Among the public health measures used to prevent leprosy are the laws in most countries requiring that all cases be reported to the local authorities and that all discharged leprous patients be examined at six-month intervals. Most countries also refuse entry to immigrants known to be infected. In the United States, information about leprosy, as well as treatment, can be obtained from the Gillis Long Hansen's Disease Center, Carville, LA 70721, telephone 800-642-2477.
Miller-Keane Encyclopedia and Dictionary of Medicine, Nursing, and Allied Health, Seventh Edition. © 2003 by Saunders, an imprint of Elsevier, Inc. All rights reserved.

Hansen's disease

(hăn′sənz)
n.
The American Heritage® Medical Dictionary Copyright © 2007, 2004 by Houghton Mifflin Company. Published by Houghton Mifflin Company. All rights reserved.

Hansen's disease

Leprosy. An infection of the skin and the nerves, caused by the slowly replicating organism Mycobacterium leprae . Infectivity is low and the incubation period of the disease is from 2–5 years. Untreated Hansen's disease may cause loss of fingers and toes due to trauma to anaesthetized parts, and severe facial disfigurement and blindness. In the lepromatous form the body's immune reaction is poor and tissue destruction is great. In the tuberculoid form there is a good immune response and the disease is milder and non-infectious. Treatment with the drug dapsone is now less effective because of bacterial resistance and this has been replaced by drugs such as rifampicin, clofazimine and ethionamide, used in combination. Thalidomide is also valuable in the treatment of Hansen's disease.
Collins Dictionary of Medicine © Robert M. Youngson 2004, 2005
References in periodicals archive ?
Also, pain and sequelae could be avoided if early diagnoses increase: more than three million cases of Hansen's disease go unnoticed in the world.
Araujo); National Hansen's Disease Programs, Baton Rouge, Louisiana, USA (D.L.
Fairley, "Delayed diagnosis, leprosy reactions, and nerve injury among individuals with Hansen's disease seen at a United States clinic," Open Forum Infectious Diseases, vol.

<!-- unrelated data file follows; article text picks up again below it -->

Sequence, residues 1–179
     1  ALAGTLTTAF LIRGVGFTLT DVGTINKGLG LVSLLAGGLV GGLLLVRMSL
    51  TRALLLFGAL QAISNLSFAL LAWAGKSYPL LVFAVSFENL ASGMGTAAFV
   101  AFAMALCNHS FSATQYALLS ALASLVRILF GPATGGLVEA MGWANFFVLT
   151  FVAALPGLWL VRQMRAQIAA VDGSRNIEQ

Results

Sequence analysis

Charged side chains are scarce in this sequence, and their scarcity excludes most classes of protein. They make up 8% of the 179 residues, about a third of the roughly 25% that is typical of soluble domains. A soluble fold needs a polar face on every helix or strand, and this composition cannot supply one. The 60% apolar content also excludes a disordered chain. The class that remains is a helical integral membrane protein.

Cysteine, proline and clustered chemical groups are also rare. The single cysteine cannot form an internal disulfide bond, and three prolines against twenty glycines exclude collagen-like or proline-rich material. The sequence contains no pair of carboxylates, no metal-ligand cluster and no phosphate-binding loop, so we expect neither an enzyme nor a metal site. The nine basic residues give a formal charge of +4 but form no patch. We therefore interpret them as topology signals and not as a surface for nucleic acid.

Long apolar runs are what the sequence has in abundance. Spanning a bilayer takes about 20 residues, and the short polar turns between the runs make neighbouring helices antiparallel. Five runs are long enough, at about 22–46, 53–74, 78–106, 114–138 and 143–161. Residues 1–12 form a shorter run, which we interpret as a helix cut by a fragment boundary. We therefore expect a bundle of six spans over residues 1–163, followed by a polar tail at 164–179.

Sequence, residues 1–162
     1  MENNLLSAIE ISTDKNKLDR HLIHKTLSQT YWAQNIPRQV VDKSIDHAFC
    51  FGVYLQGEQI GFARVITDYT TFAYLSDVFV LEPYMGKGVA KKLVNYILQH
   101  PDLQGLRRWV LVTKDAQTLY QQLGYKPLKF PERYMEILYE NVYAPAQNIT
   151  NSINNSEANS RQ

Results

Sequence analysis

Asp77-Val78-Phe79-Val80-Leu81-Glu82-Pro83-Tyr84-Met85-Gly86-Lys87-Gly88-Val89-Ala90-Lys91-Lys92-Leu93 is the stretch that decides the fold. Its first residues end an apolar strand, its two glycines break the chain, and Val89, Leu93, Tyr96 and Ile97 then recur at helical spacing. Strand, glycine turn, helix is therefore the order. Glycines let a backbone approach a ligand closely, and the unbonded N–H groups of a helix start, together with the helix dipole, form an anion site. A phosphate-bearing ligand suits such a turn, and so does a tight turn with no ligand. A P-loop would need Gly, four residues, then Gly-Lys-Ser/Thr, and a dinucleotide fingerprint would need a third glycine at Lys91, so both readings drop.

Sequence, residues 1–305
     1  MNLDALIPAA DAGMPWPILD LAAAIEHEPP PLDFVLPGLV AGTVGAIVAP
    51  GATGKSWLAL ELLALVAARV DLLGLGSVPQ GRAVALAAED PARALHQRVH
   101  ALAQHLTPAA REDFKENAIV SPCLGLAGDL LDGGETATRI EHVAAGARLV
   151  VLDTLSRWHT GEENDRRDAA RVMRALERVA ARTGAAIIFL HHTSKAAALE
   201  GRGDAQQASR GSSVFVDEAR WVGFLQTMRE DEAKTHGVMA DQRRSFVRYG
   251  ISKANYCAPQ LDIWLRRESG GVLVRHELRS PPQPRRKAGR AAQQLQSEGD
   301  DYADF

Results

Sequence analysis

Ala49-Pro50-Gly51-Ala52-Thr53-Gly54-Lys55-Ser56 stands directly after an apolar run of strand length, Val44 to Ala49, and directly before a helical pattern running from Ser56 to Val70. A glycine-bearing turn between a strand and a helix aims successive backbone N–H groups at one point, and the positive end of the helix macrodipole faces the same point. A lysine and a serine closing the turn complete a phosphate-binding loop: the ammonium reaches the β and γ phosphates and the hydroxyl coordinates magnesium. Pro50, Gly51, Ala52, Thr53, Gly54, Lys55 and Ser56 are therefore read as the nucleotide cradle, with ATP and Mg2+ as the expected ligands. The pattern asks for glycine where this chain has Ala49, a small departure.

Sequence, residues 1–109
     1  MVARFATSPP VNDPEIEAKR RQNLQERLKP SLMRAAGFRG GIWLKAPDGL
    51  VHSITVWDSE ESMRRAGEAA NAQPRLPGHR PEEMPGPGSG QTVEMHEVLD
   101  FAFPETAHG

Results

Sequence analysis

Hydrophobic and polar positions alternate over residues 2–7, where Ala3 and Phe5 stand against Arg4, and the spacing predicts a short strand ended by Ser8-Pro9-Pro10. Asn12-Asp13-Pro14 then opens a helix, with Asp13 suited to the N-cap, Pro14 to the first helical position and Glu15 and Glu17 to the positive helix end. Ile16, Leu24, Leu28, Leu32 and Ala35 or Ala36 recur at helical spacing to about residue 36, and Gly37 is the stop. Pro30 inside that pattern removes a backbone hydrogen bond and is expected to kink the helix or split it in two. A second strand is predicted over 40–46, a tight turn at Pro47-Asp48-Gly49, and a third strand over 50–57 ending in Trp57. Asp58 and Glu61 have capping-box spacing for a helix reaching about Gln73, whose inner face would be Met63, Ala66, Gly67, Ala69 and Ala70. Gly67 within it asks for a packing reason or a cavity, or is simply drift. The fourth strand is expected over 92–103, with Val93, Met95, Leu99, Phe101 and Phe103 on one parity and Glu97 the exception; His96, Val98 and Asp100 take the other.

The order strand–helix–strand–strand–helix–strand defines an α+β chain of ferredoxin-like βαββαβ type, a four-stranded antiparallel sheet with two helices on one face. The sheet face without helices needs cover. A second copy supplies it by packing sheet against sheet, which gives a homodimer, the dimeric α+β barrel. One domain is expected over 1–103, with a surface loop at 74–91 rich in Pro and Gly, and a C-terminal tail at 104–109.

Sensing that a study with high quality and high-level of evidence would be welcome, we convened an expert group of peripheral nerve surgeons, reconstructive surgeons, and immunologists who have extensive experience with Hansen's Disease. The first meeting occurred during November 11-14, 2015 in Denver, Colorado, USA with support from the Association of Extremity Nerve Surgeons.
Number and rate * of new Hansen's disease diagnoses among foreign-born persons, by region of birth-United States, 2007-2011 Region No.
Although the advent of sulfone drugs helped treat Hansen's disease in the 1940s, segregation laws isolating the sick weren't lifted until 1969.
Fortunately, Hansen's disease is not an epidemic threat.
Hansen's disease or leprosy is a contagious infection pathology produced by an alcohol-acid resistant bacillus, known as Hansen's bacillus or Mycobacterium leprae.
Boogie Kahilihiwa, who has Hansen's disease and has lived in Kalaupapa for nearly 60 years, told me in a deep throaty voice that physical pain and a lack of resources were manageable, but "the most painful part of leprosy is the separation from your mom and dad--from the ones you love."
We reported our patient's case of leprosy to the Texas Department of Health as well as the National Hansen's Disease Center.
"Leprosy" or "Hansen's Disease" (the proper terminology) played a role in the history of disease and illness worldwide.
However, the topical gel form appears to be much safer, free from the hemolysis, hemolytic anemia, and peripheral neuropathy that can result from oral administration of the drug for Hansen's disease or serious skin disorders, said Dr.